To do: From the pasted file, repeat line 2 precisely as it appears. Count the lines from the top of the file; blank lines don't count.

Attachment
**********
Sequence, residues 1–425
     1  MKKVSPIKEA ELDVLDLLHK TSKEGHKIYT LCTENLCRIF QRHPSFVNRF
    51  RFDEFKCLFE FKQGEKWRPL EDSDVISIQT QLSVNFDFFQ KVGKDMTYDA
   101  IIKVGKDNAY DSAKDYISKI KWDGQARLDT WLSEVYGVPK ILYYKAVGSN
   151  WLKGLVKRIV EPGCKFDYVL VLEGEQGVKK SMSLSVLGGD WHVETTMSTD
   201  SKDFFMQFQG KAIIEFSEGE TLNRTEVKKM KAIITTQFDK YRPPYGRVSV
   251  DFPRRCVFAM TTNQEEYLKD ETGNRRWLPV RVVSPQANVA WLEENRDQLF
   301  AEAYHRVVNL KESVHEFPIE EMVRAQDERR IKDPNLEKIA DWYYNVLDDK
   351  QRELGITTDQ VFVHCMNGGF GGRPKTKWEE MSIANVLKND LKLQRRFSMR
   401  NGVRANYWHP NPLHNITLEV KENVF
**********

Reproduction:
     1  MKKVSPIKEA ELDVLDLLHK TSKEGHKIYT LCTENLCRIF QRHPSFVNRF